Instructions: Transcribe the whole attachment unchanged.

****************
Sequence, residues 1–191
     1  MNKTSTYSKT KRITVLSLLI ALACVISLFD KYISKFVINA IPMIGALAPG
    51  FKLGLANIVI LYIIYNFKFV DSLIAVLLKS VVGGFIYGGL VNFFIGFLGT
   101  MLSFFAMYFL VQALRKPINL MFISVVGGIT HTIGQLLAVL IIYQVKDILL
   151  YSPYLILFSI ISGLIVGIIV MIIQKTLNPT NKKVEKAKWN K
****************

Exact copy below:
Sequence, residues 1–191
     1  MNKTSTYSKT KRITVLSLLI ALACVISLFD KYISKFVINA IPMIGALAPG
    51  FKLGLANIVI LYIIYNFKFV DSLIAVLLKS VVGGFIYGGL VNFFIGFLGT
   101  MLSFFAMYFL VQALRKPINL MFISVVGGIT HTIGQLLAVL IIYQVKDILL
   151  YSPYLILFSI ISGLIVGIIV MIIQKTLNPT NKKVEKAKWN K